Thursday, February 24, 2011

The Hard Stuff

It's hard to imagine that I'm not the only person feeling exactly as I feel about so many things, step-parenthood is just one of those things. Sometimes I feel so resentful, which only leads me to feel guilty because I chose this life. Who should I resent more than myself?

Sometimes I resent my husband because of how much his job requires him to travel. It feels like he gets to escape when things get difficult because his job takes him out of town so much. And there I am left to deal with all of his parenting responsibilities for a child that I am still struggling with belonging to. I who have thrived on my ability to always do what I wanted when I wanted am now caged and clipped to someone else's decisions. I'm angry, I'm depressed and I'm trapped. These are not good feelings to base parenting decisions on, so then I'm guilty too.

The irony of the whole situation is that in some ways I really do want to want to do these things, somewhere inside of me I want to enjoy parenting and the responsibilities of it. But I can't seem to get past my pride and resentment, because I wanted to be able to choose those things. I feel like all of my powers of choice have been removed and replaced with action out of necessity. My husband isn't available so regardless of my wants or needs I have to step up. The removal of that choice seems like such a small thing, I should just be able to get over it right? I mean I just said that I wanted to want to do those things so why does it feel emotionally and physically impossible to find enjoyment in the responsibilities that are being put on my shoulders. It seems so stupid because I think even if I had the illusion of choice I would be able to find some peace in doing what needs to be done. That seems so shallow that I don't know how it can be that simple. Is it that simple? Is it just the illusion of choice and not the choice that I need? And if that's the case then what does that say about me?

My husband and I work through these things delicately. There are so many things that can go wrong when trying to sort these things out. These are emotionally volatile subjects because we are all so deeply invested in the outcome. I could pretend not to know what the outcome will be, but that would imply that I don't believe whole heartedly that my husband, my step-kids and I are strong enough to come out of this as an intact family. I believe that we are strong enough. I believe that we can take care of each other and take care of ourselves. I believe that the only thing that could cause our efforts to fail is silence. That's a hard thing to say because I have spent the better part of my life valiantly protecting the thoughts and emotions that make me most vulnerable. But I see how communication has improved my marriage and my self and I know that saying the hard things with love hurts less than the interminable silence of not saying anything at all.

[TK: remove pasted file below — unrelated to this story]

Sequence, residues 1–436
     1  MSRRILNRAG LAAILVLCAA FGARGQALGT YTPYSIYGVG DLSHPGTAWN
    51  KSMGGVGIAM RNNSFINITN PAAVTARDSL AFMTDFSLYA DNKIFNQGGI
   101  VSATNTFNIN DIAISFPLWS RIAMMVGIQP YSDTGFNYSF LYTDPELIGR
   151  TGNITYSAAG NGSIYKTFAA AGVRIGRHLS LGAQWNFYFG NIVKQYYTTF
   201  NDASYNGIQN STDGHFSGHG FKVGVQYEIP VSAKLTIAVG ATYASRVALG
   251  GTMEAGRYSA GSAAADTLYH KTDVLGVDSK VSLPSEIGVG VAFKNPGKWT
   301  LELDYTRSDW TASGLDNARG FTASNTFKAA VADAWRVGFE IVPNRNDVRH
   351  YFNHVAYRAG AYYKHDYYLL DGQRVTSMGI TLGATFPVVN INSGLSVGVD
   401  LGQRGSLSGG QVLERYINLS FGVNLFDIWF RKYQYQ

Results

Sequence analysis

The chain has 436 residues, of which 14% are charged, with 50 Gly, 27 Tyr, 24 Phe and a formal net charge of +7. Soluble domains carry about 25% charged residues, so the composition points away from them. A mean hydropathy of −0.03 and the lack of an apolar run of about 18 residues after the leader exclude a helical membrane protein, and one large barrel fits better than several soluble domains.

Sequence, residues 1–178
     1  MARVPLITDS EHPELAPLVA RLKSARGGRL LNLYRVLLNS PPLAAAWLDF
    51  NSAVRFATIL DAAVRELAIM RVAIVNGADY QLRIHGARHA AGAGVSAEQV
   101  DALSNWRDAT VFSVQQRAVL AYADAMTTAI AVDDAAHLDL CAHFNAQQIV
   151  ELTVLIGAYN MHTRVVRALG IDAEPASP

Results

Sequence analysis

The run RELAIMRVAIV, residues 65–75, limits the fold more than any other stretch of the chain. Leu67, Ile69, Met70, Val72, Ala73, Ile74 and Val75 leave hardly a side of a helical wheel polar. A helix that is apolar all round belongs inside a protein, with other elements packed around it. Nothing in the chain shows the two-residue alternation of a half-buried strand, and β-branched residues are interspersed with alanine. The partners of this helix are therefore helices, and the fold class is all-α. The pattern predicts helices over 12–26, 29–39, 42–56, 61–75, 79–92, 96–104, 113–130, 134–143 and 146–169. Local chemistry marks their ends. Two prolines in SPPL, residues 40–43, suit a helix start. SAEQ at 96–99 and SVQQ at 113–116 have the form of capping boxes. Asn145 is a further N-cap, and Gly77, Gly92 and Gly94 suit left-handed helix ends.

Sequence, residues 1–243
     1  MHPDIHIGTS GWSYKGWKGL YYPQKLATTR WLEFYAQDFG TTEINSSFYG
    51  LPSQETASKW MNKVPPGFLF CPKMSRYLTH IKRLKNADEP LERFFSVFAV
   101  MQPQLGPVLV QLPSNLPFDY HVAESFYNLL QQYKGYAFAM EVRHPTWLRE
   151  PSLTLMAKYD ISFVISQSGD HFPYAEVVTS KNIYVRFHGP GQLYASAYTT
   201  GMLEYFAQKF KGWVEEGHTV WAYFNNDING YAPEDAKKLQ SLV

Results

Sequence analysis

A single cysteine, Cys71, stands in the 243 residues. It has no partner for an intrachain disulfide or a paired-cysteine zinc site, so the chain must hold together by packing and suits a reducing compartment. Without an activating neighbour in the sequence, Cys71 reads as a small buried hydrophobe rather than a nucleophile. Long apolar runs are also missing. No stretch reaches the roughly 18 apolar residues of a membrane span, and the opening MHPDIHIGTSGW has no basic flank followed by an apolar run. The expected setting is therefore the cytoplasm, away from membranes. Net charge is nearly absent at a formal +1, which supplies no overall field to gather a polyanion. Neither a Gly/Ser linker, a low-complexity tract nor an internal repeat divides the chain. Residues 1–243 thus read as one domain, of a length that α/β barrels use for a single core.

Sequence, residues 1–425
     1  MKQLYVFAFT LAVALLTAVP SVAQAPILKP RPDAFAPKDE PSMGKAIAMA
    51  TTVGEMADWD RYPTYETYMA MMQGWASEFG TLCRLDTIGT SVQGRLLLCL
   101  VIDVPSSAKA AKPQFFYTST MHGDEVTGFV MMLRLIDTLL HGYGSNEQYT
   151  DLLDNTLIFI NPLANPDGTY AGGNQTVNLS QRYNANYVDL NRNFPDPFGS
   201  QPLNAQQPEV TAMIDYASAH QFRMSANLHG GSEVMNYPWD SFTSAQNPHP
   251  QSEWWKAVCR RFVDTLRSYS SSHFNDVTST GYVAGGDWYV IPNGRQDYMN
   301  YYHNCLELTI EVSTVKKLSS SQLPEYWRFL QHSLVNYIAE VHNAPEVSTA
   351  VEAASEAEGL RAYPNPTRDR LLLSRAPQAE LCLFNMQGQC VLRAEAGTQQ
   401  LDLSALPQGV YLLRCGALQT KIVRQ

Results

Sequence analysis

I'm scared, and I'm hurting but I'm never as lost as I feel because wherever I go, there I am. I just have to allow myself to be seen and I have to allow myself to see others. But I have to allow myself to see others as they are and not through the veil of my own emotions, I can't see that clearly if I'm holding onto my emotions like they are some kind of precious currency.

I am trying to teach my step daughter about what actual strength is, and it took me a long time to realize what true strength was, it's not having the strength to stay silent about what hurts. The most powerful strength is in being able to be vulnerable when your the most scared that what you might say could be used against you. True strength is knowing that even if opening yourself up leads to being hurt you are going to be okay and getting hurt won't be the end of the world. You might cry a little you might feel a little bit angry, but in the end the strongest people aren't the ones who can't speak when they hurt. The strongest people are the ones that can look at someone else and say "Ow, you hurt me" and be okay if they aren't strong enough to apologize.

The best thing is that people are much better than we give them credit for. Sure people fail us from time to time, and that hurts, but people for the most part are willing to apologize when they hurt us. When it's all said and done and the tears have dried and the bruising ego's and hearts begin to feel less tender, many times we find that if we acted with love not only are we better as individuals, our friendships, marriages, relationships are better too.

1 comment:

  1. Seems to me that you are doing JUST FINE! In all respects. Just for the record, even those of us who totally choose parenting....go way out of our way to get there even, even we have days of resenting those little buggers and their neediness and the lack of time for oneself.

    It's damn hard work to parent. The tantrums and moods and screaming and throwing food all over the place and can imagine how much worse it gets when the kids join in on it all. ;-)

    I feel guilty ALL THE TIME and that I couldn't possibly be as good a mother as I want to be, need to be and set out to be. Then there are smiles and shows of compassion toward each other (the kids I mean) and doing funny things and helping out their friends and I think maybe I do sometimes get it right.

    Anyone that tells you s/he's got the whole parenting thing totally figured out is either lying or delusional. I really don't think there are any other options.

    Thanks for the honest and thought provoking words. Like I said...I think you are doing JUST FINE.